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© Alan John Ward

Ice Memory

October 23, 2017

The ice could spit

millennia-old stories

if it had tongue and teeth.

Melting prisms,

these Norway-windows:

mirrors within mirrors.

 

Water catches the echoes:

the heave, the heft,

the sweat of the ice men,

snatches of cockney,

Italian, Norwegian –

turning truck clatters,

pony snorts,

the farmyard smell of streets.

 

It’s all locked in –

and when the ice melts

it sticks to our palms,

runs into crevices,

seeks out the lowest point,

flushes into the system,

is reborn:

 

Raindrop,

sea spray, blossom, blood.

 

It melts and we carry it,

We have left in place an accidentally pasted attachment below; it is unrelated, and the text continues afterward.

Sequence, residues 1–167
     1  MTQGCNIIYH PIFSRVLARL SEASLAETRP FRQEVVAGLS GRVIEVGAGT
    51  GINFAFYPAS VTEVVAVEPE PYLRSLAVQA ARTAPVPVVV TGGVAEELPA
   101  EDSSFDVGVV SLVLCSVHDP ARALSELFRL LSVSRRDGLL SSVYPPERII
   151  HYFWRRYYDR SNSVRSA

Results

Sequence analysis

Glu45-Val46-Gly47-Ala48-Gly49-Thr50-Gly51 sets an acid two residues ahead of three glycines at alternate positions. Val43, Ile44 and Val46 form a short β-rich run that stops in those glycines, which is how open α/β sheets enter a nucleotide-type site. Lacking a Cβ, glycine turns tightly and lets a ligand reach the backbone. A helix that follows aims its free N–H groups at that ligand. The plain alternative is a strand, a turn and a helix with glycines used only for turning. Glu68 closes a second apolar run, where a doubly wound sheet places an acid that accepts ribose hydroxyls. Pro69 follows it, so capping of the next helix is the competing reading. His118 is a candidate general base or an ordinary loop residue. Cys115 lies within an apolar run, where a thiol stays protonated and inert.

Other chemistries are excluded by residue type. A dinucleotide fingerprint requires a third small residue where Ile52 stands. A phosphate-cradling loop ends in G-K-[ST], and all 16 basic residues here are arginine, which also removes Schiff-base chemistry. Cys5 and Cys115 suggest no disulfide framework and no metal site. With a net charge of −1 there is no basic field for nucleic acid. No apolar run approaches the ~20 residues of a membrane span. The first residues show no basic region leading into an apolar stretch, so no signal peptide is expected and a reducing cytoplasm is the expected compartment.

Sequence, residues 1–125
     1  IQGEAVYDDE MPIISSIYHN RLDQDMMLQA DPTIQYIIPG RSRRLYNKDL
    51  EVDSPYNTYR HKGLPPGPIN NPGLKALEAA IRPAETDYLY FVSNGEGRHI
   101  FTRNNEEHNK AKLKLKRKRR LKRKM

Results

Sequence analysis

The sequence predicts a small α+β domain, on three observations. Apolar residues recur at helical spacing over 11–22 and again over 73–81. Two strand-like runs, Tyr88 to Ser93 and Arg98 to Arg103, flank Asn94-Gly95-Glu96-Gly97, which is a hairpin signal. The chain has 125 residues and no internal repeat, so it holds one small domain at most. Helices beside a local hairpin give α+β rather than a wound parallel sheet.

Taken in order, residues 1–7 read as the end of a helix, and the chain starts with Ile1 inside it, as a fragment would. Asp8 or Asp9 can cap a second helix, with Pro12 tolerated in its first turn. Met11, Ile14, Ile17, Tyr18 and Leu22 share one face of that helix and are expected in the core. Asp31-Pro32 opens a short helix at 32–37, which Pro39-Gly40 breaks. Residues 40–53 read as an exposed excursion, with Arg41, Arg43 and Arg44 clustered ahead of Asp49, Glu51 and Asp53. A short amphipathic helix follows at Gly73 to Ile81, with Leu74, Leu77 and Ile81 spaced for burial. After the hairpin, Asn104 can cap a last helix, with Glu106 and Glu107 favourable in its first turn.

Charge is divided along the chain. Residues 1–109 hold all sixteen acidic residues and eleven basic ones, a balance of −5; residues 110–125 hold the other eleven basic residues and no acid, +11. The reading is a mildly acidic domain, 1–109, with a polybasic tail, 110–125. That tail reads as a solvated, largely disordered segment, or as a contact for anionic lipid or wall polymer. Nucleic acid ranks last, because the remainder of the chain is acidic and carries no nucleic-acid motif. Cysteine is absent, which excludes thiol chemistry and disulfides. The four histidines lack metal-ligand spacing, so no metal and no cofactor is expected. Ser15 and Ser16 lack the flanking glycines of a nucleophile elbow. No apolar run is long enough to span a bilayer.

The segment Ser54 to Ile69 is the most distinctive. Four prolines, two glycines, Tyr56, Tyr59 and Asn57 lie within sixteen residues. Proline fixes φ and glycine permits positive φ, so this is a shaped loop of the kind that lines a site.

buckets unable to read

what’s written in our flesh.

 

We carry history

like organ transplant recipients.

Here it is in our skin,

in our mouths,

feel it form the words.

I wrote this poem back in 2013 as part of a residency I undertook at the London Canal Museum for Museums at Night, writing poems about the historic London ice trade. You can read more about the project on my associated ice poetry blog.

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